Many portfolios have been trending downward over the last year, leaving investors nervous about their prospects in the stock market over the next few quarters. Interestingly enough, it may not be your stocks that are the biggest reason that you might be disappointed in your portfolio’s performance this year.
Historically there’s been a negative (inverse) correlation between the Stock and bond markets, at least over the last few decades. At times the stocks struggle and investors may flee to bonds in an attempt to give them a greater sense of stability. Aside from the inherent stability bonds typically provide, compared to stocks, when stocks see a bear market, the bond markets may also get a bump from the inflows of cash leaving stocks, causing a small price spike. Stocks go down, and bonds go up. Bonds go down, and stocks go up.
At least, that’s how it used to work up until recently. Over the last decade-and-a-half, we’ve witnessed some fiscal and economic Tomfoolery which has had some interesting consequences. One of the biggest is the decoupling of the stock and bond markets. In an attempt to prop up a stagnant Obama economy from the 2008-2009 financial crisis, The Fed had decided to keep rates artificially low for the better part of a decade. Now combine that with historically reckless government spending and printing of money, and we now have the world’s most predictable inflation crisis. If you liked the late1970s, you’d love the mid-2020s!!
So what is The Fed to do? They certainly can’t cut spending or stop printing money; that might have negative political consequences for our ruling class!! (perhaps a hint of sarcasm there) The Fed now must raise interest rates to try and slow the economy enough to bring inflation back to “normal” levels. Rising interest rates will negatively affect current bond holding. Your future bond holdings, however, will benefit as new issues pay higher interest rates to their investors. Until your portfolio cycles out the older, lower-yielding bonds, the fixed-income part of your portfolio will suffer in the interim.
Here are some metrics: As of 11/03/2022, the US Aggregate Bond Index is down 15.62% YTD. Now that number in and of itself might not mean a lot, but couple it with an S&P 500 index (stocks) that is down 22.1% YTD, and it’s a perfect storm for your portfolio to get crushed, regardless of whether you’re in an aggressive or conservative allocation. Let’s look at how this affects your portfolio specifically: If you had a typical 60/40 allocation (60% stocks & 40% Bonds, let’s say $100,000 portfolio) and your stock portion dropped 20%, but your bonds were up 10% ((60 x (-0.20)) + (40 x 0.1)) = -8% So you would be down to $92,000 from your $100,000 investment. This is what most investors are accustomed to, but what we’ve seen this year is more like this: your stock portion dropped 22% while your bonds were down 15.6% ((60 x (-0.22) + (40 x (-0.156)) = -19.44% or leaving you with $80,560.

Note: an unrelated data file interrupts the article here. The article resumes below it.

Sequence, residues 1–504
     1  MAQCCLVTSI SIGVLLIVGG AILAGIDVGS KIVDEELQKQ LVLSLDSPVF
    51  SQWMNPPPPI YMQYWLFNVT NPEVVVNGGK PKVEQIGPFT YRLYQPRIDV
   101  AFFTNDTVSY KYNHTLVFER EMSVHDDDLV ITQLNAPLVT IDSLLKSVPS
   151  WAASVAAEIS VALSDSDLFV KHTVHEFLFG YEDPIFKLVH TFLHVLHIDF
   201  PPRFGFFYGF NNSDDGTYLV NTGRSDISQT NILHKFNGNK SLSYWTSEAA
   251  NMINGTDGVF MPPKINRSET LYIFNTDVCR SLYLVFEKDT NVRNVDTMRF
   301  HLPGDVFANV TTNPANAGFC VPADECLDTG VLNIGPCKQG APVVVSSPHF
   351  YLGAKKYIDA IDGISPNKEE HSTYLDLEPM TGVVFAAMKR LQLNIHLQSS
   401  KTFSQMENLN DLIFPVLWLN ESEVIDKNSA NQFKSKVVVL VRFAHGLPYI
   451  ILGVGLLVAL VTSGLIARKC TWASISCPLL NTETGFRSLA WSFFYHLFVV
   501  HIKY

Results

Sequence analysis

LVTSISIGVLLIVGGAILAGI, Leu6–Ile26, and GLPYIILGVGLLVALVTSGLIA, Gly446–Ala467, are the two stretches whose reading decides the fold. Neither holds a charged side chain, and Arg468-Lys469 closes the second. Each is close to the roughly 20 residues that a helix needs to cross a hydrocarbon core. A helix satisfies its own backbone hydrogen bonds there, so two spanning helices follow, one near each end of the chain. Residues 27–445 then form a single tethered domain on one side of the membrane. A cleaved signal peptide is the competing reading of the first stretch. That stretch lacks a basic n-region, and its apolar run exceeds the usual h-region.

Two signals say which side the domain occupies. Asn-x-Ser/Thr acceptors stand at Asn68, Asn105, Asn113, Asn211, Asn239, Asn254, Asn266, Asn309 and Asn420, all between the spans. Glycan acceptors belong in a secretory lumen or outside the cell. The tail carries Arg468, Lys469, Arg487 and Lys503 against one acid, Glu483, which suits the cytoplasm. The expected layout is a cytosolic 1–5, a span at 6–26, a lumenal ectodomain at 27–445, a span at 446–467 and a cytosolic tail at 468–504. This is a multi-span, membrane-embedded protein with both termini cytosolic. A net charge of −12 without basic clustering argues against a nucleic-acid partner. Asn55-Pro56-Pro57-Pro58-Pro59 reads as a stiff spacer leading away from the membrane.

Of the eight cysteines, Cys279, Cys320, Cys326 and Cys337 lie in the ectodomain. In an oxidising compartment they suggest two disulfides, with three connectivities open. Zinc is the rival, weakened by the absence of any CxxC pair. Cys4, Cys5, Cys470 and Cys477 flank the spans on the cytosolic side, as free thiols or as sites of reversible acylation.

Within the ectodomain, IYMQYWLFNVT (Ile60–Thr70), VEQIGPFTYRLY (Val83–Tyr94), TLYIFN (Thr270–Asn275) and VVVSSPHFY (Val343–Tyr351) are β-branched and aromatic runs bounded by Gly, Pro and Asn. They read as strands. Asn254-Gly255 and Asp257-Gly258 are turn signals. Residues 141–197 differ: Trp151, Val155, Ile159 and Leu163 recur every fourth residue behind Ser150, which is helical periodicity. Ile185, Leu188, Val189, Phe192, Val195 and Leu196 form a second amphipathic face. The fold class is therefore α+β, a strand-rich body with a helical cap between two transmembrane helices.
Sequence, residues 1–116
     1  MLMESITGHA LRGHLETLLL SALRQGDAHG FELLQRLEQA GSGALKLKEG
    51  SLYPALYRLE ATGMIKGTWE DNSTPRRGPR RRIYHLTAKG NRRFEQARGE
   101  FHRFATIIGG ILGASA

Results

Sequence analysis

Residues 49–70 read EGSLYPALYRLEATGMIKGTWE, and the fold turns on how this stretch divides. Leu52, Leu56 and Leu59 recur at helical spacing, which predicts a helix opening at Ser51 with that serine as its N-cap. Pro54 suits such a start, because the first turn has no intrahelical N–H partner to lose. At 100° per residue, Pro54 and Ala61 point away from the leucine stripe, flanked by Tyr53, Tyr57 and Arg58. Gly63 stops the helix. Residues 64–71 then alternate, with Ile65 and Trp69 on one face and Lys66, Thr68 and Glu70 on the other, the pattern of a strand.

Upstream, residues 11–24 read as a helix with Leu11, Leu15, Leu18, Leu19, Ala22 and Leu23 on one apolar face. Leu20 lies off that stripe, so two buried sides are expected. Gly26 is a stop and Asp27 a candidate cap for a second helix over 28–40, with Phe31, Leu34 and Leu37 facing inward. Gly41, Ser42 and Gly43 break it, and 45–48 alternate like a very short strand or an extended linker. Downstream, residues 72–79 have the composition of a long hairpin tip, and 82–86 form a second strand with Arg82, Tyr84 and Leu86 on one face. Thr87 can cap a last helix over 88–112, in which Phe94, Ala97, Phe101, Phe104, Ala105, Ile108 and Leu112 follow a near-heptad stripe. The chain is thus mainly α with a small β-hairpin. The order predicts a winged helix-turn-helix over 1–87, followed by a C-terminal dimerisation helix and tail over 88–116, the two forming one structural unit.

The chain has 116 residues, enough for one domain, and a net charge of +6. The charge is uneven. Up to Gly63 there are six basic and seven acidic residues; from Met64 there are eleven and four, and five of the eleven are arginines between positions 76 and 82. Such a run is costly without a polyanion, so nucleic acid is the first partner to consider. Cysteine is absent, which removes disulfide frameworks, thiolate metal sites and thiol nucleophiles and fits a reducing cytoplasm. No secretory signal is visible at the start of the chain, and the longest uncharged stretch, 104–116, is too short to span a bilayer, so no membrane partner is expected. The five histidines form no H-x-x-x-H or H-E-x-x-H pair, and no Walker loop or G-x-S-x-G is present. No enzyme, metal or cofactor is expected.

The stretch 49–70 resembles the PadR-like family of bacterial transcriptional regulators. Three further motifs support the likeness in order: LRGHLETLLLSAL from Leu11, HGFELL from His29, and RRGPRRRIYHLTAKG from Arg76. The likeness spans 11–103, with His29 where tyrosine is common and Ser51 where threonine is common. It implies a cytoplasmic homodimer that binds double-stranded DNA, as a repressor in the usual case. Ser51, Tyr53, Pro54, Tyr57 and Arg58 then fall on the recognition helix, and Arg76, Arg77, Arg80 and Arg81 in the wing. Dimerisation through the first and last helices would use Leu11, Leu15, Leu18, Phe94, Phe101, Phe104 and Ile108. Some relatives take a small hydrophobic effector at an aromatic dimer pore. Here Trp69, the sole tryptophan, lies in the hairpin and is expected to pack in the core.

Indeed, that’s nothing new; however, we’ve been down this road before, right? Well, sort of. The Bond and stocks markets certainly had some rocky periods during the late 1970 and early ’80s, but we had never had three consecutive quarters where both the bond and stock markets were down at the same time… until now. Let’s Go, Brandon!
So, what can investors do to protect themselves? The are several general tips that can apply to almost all investors;
- Don’t panic: Nothing is a loss until it’s realized. It’s only a paper loss until you sell.
- Have a defined long-term strategy and stick to it! Know your goals and how to get there.
- Know your true risk tolerance: Know how much risk you’re comfortable with and ensure your portfolio matches that.
- Rebalance: use the volatility in the market to your advantage!
- Utilize Asset Segmentation: segregate assets for specific targets/timelines.
The best thing you can do is give us a call here at The Financial Guys for a review of your current portfolio or for a hand putting together a roadmap for your financial future.